The Marine Stewardship Council (MSC) is a certification scheme for wild fisheries. MSC certified products are supposed to meet certain sustainability criteria. Certified products carry a blue and white logo with a fish and a check mark. In many cases, it means a better option for tuna, but best to also look for what species is inside and how it was caught.
This tuna was caught without using longlines, which stretch for miles with thousands of hooks that can cause the drowning of species incidentally caught like seabirds, sharks and turtles. “No longlines” on the label is a sign of a an ocean safe option!
The Vancouver Aquarium’s Ocean Wise logo can be found on some products that the organization deems sustainable. Ocean Wise recommendations are determined using the Monterey Bay Aquarium’s Seafood Watch Program assessment methodology. Likely a better option, but the logo is not always well policed.
Pole and Line Caught (could read just “Pole Caught”)
A fishing methods that catches tuna one-by-one with the use of a pole, usually several fishers line the perimeter of a boat and catch the tuna at the same time using baitfish. Impacts on other species are minimal. A best choice.
Pole and Troll Caught
This means the tuna was either caught using pole and line or troll. The tuna was not separated to help determine the exact fishing method it came from, so the specific method is not labeled. Both are better options.
Giant nets that encircle schools of fish and then are drawn tight like a drawstring purse. Very destructive when used with fish aggregating devices (FADs) and how most tuna is caught. Look for FAD-free instead.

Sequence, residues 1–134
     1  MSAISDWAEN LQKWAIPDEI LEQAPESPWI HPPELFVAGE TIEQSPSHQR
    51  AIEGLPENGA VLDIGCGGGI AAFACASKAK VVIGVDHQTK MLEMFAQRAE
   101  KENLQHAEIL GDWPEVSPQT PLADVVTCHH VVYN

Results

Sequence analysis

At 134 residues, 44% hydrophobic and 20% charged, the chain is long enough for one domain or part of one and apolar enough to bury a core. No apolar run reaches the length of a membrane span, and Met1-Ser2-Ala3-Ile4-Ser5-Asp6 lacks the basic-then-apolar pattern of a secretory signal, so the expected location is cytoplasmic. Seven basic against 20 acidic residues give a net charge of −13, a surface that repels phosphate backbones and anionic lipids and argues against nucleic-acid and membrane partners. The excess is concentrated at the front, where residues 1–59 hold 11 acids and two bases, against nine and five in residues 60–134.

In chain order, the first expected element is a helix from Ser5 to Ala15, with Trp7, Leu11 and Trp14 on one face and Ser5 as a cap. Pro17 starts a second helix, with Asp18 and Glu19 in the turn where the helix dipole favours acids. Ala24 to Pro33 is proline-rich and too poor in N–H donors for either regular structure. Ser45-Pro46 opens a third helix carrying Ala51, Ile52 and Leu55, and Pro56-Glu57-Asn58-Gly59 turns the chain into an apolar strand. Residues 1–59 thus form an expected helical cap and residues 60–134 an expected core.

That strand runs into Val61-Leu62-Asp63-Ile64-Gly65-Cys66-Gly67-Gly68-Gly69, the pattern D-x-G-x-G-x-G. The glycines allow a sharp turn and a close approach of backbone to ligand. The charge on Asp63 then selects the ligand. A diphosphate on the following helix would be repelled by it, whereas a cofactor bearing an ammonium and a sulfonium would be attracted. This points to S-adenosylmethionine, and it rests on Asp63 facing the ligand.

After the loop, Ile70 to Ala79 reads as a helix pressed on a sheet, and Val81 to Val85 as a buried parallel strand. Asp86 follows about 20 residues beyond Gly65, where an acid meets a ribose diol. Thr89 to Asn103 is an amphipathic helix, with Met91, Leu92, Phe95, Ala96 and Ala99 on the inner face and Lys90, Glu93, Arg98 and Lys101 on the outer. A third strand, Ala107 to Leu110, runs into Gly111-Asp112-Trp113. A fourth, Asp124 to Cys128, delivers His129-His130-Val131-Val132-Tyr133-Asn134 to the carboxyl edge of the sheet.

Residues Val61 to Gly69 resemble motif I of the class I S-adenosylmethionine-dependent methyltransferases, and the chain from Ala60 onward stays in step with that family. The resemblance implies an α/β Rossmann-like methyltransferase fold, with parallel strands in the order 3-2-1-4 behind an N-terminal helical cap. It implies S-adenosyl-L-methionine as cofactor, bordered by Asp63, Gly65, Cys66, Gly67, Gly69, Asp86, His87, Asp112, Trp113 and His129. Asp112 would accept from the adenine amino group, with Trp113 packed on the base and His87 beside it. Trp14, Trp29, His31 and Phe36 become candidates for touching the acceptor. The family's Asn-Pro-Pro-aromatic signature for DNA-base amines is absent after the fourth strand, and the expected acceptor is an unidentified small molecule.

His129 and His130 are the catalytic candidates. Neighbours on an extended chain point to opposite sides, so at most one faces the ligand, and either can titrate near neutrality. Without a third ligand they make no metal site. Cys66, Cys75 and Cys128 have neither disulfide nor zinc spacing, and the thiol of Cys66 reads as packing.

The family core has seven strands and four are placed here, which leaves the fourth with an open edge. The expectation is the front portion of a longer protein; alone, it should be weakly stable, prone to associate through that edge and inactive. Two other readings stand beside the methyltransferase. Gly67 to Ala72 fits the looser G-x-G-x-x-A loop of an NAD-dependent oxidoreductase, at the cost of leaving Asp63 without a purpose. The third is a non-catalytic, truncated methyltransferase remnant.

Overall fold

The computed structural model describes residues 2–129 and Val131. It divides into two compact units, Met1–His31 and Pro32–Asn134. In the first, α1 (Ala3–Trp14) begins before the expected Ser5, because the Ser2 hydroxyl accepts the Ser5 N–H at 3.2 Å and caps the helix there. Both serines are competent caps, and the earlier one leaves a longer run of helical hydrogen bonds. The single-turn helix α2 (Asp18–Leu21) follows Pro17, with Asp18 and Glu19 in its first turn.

You need more information to ensure this is true. Some brands have this as a label they use, but dig a little deeper to find out what this means before taking their word for it.
The most abundant species of tuna. Often noted as light tuna on the can.
Unless this is accompanied by information about the species and how it was caught, don’t take their word for it.
Troll Caught (also Troll)
This means that a fishing method was employed that prevents the accidental catch of turtles. It’s usually found on products caught using pole or troll methods.
This just means that the tuna was caught in the ocean and not farmed (which is very rare for canned tuna species). It sounds nice, but means nothing when it comes to its sustainability.
A term used to describe albacore tuna.
A species often found in cans in the US. Sometimes referred to as light meat. Many stocks have been overfished and have suffered declines. Best to avoid.